$$\frac{g(x+h)-g(x)}{g(x+h)-g(x)}$$

which is basically just equal to one. Thus, it won’t change our limit at all. By doing so, we have

$$\frac{d}{dx} \left( f(g(x)) \right) = \lim \limits_{h \to 0} \left( {\frac{f(g(x+h)) – f(g(x))}{h}} \cdot \frac{g(x+h)-g(x)}{g(x+h)-g(x)} \right)$$

Since we have a product of two fractions in our limit equation, we can apply the commutative property of multiplication in their denominators. By doing so, we have

$$\frac{d}{dx} \left( f(g(x)) \right) = \lim \limits_{h \to 0} \left( {\frac{f(g(x+h)) – f(g(x))}{g(x+h)-g(x)}} \cdot \frac{g(x+h)-g(x)}{h} \right)$$

By applying the properties of limits, we have

$$\frac{d}{dx} \left( f(g(x)) \right) = \lim \limits_{h \to 0} \left(\frac{f(g(x+h)) – f(g(x))}{g(x+h)-g(x)} \right) \cdot \lim \limits_{h \to 0} \left(\frac{g(x+h)-g(x)}{h} \right)$$

The second part of the right-hand side is simply the derivative of g(x) written in limis. Then, we have

$$\frac{d}{dx} \left( f(g(x)) \right) = \lim \limits_{h \to 0} \left(\frac{f(g(x+h)) – f(g(x))}{g(x+h)-g(x)} \right) \cdot \frac{d}{dx}(g(x))$$

We can use the laws of limits to rearrange our limit like this:

$$ \frac{d}{dx} \left( f(g(x)) \right) = \lim \limits_{h \to 0} \left(\frac{1}{g(x+h)-g(x)} \right) \cdot \lim \limits_{h \to 0} \Big( f(g(x+h)) – f(g(x)) \Big) \cdot \frac{d}{dx}(g(x))$$

Let’s mark this equation as $latex EQ.01$

But before evaluating $latex EQ.01$, let

$latex \gamma = g(x+h)-g(x)$

Let’s mark this equation as $latex EQ.02$

Equating $latex EQ.02$ in terms of $latex g(x+h)$, we have

$latex g(x+h) = g(x) + \gamma$

Let’s mark this equation as $latex EQ.03$

If we evaluate

$$\lim \limits_{h \to 0} \left( \frac{1}{g(x+h)-g(x)} \right)$$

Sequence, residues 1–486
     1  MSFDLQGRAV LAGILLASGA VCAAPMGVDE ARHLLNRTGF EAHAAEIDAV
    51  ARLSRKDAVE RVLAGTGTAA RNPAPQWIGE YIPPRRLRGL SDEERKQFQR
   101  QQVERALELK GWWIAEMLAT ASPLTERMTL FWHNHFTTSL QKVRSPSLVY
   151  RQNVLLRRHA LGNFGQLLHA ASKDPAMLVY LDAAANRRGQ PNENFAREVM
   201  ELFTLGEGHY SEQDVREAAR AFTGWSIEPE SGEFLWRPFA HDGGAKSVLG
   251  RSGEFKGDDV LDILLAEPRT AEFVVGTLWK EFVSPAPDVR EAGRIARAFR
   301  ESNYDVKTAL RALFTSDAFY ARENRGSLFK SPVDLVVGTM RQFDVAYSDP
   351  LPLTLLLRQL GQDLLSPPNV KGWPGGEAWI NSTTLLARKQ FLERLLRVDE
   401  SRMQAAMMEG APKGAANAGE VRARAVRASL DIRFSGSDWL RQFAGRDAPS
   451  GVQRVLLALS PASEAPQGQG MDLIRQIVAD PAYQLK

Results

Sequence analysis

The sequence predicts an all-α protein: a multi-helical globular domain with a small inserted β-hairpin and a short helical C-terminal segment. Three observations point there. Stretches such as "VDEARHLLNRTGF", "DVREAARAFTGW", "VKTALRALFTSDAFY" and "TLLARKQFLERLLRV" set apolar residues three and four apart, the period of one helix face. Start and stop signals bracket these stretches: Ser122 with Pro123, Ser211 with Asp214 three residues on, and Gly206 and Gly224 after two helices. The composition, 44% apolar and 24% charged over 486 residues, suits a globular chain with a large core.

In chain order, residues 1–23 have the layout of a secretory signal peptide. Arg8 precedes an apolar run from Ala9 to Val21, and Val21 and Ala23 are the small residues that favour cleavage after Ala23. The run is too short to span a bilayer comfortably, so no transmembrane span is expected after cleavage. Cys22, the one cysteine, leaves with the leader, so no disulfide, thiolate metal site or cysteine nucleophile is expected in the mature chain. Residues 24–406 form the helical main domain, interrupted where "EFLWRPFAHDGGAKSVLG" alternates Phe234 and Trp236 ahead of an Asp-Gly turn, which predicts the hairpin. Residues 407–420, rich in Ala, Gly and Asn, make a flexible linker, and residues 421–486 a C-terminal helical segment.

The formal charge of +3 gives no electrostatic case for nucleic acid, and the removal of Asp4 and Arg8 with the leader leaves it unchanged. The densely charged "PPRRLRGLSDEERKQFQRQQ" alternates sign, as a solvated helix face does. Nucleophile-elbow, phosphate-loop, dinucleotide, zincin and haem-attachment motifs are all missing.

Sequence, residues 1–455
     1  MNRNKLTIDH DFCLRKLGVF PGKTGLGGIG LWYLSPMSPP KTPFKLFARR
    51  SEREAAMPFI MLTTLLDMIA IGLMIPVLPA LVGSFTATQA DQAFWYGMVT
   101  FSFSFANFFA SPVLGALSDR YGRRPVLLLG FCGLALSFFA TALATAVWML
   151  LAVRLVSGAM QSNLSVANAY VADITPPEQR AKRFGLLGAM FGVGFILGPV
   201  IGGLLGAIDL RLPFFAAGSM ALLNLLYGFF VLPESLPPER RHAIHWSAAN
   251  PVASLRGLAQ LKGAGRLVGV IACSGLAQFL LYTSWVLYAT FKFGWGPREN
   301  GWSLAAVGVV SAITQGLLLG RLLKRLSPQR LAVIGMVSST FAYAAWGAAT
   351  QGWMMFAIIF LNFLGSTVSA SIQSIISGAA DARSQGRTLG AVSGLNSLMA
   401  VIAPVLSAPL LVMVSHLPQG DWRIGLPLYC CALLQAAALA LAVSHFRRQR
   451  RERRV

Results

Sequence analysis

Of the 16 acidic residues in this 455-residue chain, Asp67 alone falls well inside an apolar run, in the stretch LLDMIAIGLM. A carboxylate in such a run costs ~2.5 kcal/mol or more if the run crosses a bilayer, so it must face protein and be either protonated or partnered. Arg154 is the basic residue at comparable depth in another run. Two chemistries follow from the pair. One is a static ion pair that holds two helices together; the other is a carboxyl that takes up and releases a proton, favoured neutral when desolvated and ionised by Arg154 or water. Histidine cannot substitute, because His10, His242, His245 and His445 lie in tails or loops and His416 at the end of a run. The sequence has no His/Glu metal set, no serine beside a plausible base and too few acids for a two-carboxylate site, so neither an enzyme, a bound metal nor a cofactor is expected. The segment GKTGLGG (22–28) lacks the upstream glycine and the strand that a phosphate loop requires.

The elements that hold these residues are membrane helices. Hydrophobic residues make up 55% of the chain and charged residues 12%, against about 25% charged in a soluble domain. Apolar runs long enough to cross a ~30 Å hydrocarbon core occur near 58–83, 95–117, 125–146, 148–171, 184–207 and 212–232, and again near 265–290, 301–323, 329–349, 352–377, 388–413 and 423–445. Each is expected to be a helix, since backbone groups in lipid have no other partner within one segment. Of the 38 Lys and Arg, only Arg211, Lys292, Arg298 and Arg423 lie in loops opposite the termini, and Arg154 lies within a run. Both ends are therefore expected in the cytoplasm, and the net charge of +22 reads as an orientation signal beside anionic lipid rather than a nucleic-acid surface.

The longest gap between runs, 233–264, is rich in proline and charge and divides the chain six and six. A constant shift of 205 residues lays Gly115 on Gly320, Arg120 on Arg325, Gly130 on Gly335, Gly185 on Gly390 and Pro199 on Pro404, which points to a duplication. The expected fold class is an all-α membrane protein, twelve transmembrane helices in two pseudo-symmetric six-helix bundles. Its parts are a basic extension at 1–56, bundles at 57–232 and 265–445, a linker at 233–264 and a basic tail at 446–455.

Let’s mark this expression as $latex ex.01$

from $latex EQ.01$, we have

$$\lim \limits_{h \to 0} \left( \frac{1}{g(x+h)-g(x)} \right) = \lim \limits_{h \to 0} \left( \frac{1}{\gamma} \right) $$

$$\lim \limits_{h \to 0} \left( \lim \limits_{h \to 0} \left( \frac{1}{\gamma} \right)\right) = \lim \limits_{h \to 0} \left( \lim \limits_{h \to 0} \left( \frac{1}{0} \right)\right) $$

And if evaluate the limit of $latex ex.01$ in terms of $latex \gamma \to 0$, we have

$$\lim \limits_{\gamma \to 0} \left( \lim \limits_{h \to 0} \left( \frac{1}{\gamma} \right) \right)= \lim \limits_{\gamma \to 0} \left( \lim \limits_{h \to 0} \left( \frac{1}{0} \right) \right)$$

Because of this, we can conclude that

$latex h \to 0 = \gamma \to 0$

Therefore, we can now evaluate $latex EQ.01$ in terms of $latex \gamma \to 0$ instead of $latex h \to 0$ to further solve our remaining limits. Thus, we have

$$\frac{d}{dx} \left( f(g(x)) \right) = \lim \limits_{\gamma \to 0} \left( \frac{1}{g(x+h)-g(x)} \right) \cdot \lim \limits_{\gamma \to 0} \Big( f(g(x+h))– f(g(x)) \Big) \cdot \frac{d}{dx}(g(x))$$

Let’s mark this equation as $latex EQ.04$

By substituting $latex EQ.02$ and $latex EQ.03$ into $latex EQ.04$, we have

$$\frac{d}{dx} \left( f(g(x)) \right) = \lim \limits_{\gamma \to 0} \left( \frac{1}{\gamma} \right) \cdot \lim \limits_{\gamma \to 0} \Big( f(g(x) + \gamma) – f(g(x)) \Big) \cdot \frac{d}{dx}(g(x))$$

Multiplying the equation above, we have

$$\frac{d}{dx} \left( f(g(x)) \right) = \lim \limits_{\gamma \to 0} \left( {\frac{f(g(x) + \gamma) – f(g(x))}{\gamma}} \right) \cdot \frac{d}{dx}(g(x))$$

By solving the remaining limit, we have

$$\frac{d}{dx} \left( f(g(x)) \right) = \frac{d}{dx} \left( f(g(x)) \right) \cdot \frac{d}{dx}(g(x))$$

or it can be simply illustrated as

$$H'(x) = \left( f(g(x)) \right)’ \cdot g'(x)$$

which is now The Chain Rule Formula.

Finally, we now have proven the chain rule formula by applying the concepts of limits.


See also

Interested in learning more about the chain rule? Take a look at these pages: